Seymour stared at his feet. “Okay.” His voice was barely audible. He looked back at Mike, almost making eye contact, but his gaze didn’t rise higher than Mike’s lips. “But it’s a quartz watch, a cheap watch. That’s why it’s still ticking. Why bother to take it? It probably cost fifty dollars, if that. Don’t you know anything, Mike?”

Mike shook his head three times. “It’s not a quartz watch. You’re always assuming things without investigating them.” He picked up Gold’s wrist. “Look here: Breitling. Do you know Breitling? They make high-end watches. This watch probably costs as much as you and I make in a month. And listen.” Mike jerked the corpse’s arm up, popping the shoulder bone out of its socket. He cupped his other hand around Seymour’s head and shoved it to the cadaver’s wrist. “Hear that? It ticks. Quartz watches don’t tick. They make a tack sound, not a tick. Don’t you know anything, Seymour?”

Seymour’s jaw slacked as he assimilated that information. He lowered the binocular magnifying lens over his goggles and examined the deceased's watch. “So it’s a manual Breitling. The corpse probably twitched after death, winding the watch. They do that sometimes. Nothing to see here.”

“Wrong again, Dr. Seymour. It’s a manual watch that must be wound. Do you think a corpse did that? Or somebody sneaked into the morgue with the express purpose of winding Mr. Gold’s watch? People are weird when it comes to the dead, but not that weird.”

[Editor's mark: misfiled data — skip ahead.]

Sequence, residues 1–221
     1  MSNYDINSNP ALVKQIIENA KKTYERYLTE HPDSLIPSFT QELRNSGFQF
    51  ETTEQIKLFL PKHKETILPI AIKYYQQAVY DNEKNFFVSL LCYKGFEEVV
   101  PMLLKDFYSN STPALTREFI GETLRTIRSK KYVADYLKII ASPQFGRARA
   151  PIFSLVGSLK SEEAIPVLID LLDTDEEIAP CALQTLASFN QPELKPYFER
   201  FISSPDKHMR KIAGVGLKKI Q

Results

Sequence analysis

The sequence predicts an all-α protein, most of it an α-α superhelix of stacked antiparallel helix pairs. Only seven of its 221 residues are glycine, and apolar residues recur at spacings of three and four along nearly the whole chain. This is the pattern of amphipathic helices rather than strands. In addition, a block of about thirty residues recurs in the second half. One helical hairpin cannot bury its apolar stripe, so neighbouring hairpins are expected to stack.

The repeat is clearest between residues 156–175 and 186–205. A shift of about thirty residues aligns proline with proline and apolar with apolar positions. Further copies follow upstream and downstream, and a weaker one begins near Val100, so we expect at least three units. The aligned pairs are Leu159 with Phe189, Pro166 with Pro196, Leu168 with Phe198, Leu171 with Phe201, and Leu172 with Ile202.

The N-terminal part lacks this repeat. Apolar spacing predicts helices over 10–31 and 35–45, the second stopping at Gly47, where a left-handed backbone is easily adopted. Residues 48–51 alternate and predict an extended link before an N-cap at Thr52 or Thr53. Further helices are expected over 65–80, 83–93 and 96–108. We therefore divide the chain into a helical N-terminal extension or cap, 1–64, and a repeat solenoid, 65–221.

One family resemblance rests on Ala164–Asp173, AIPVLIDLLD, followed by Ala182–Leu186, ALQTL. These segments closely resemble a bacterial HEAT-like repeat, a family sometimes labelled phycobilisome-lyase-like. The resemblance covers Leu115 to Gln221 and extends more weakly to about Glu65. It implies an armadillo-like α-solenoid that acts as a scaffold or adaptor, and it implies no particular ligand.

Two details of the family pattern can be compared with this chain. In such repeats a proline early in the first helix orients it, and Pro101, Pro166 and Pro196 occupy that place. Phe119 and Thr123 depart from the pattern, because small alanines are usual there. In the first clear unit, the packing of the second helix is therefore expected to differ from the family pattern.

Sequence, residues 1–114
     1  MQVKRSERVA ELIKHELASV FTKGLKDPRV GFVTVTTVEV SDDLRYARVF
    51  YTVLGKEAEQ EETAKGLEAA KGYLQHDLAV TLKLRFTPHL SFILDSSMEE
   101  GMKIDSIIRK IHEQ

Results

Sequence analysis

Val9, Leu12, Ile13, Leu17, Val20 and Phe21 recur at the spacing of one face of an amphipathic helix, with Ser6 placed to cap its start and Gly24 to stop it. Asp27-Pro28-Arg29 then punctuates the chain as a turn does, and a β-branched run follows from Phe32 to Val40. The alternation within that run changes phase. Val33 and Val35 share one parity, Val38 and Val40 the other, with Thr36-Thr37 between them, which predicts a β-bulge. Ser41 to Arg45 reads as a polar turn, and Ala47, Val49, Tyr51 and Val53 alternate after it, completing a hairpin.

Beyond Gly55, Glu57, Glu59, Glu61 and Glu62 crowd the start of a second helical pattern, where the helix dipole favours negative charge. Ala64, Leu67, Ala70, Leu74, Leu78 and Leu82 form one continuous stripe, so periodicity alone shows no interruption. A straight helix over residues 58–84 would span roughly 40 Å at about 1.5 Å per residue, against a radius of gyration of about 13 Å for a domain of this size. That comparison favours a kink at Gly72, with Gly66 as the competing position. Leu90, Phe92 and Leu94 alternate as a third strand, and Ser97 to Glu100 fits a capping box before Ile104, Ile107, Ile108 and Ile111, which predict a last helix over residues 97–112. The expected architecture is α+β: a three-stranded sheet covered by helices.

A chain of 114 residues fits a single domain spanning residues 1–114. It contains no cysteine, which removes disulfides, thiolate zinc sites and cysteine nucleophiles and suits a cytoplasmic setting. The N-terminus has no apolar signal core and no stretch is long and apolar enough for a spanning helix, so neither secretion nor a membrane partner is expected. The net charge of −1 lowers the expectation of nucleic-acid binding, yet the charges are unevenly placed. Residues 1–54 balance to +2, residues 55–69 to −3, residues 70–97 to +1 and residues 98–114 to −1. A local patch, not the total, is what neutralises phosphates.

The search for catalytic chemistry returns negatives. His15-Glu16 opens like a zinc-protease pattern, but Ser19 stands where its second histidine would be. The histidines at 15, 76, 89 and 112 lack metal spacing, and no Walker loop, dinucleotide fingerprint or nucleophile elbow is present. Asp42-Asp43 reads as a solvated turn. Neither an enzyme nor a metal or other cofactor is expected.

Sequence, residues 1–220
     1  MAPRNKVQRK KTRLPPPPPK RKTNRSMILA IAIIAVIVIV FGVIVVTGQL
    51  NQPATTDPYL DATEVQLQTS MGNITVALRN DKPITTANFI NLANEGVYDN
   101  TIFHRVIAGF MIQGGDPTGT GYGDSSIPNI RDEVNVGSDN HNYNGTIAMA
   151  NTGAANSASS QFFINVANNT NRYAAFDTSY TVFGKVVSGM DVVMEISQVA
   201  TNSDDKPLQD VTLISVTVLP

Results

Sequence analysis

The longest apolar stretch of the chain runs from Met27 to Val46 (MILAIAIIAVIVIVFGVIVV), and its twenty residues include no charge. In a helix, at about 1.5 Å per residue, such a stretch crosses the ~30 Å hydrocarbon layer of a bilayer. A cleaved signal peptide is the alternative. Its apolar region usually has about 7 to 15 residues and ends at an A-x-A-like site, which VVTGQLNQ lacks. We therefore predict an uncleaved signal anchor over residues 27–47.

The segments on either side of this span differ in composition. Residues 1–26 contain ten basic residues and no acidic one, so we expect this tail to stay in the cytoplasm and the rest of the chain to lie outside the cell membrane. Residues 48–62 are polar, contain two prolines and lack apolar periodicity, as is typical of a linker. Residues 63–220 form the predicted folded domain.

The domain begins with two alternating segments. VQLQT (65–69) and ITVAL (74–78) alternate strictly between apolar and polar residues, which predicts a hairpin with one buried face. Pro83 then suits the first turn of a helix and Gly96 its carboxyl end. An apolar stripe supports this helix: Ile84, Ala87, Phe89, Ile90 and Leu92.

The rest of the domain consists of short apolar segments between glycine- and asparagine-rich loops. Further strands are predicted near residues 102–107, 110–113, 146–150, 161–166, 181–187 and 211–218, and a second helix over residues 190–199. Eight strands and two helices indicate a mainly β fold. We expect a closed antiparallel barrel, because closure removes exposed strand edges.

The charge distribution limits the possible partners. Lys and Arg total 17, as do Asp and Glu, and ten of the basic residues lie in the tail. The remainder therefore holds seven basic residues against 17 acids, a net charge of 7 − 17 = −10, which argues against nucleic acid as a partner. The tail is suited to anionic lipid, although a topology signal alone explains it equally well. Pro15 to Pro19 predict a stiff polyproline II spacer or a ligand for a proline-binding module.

Seymour harrumphed and shuffled his feet. “Steal this watch if you want. I’m not going to say anything. This makes us even though.”

Mike unfastened the watch from Gold’s wrist, unscratched and perfectly polished with a deep, blue dial. The diamond ring Seymour had snagged probably wasn’t worth a tenth of what this watch was worth. Mike wiped the watch’s crystal against his pant’s leg and then fastened it to his wrist. A slight shock jerked his arm and he yelped. “Ow. Static electricity.”

Seymour smirked. 

Mike raised his arm, shoved it into Seymour’s face, and said, “It looks great, like the deceased meant to gift it to me.” 

Seymour sprung two steps backward. The clipboard fell out of his hands, smacking into the floor with a thunderous bang. “Eww.”

“Eww’s not a word you hear from pathologists often,” Mike said. A rapturous laugh rose from his belly.

Seymour sighed. “I’m going to sew Gold up and go home. Maybe I can catch a Friends rerun after all. I’m done with Mr. Gold who died of a cold.”

“You do that,” Mike said before failing to suppress a sneeze. He wiped the back of his hand against his nose. “Me and my watch are out of here.” Mike expelled a cascade of sneezes as he exited the pathology room.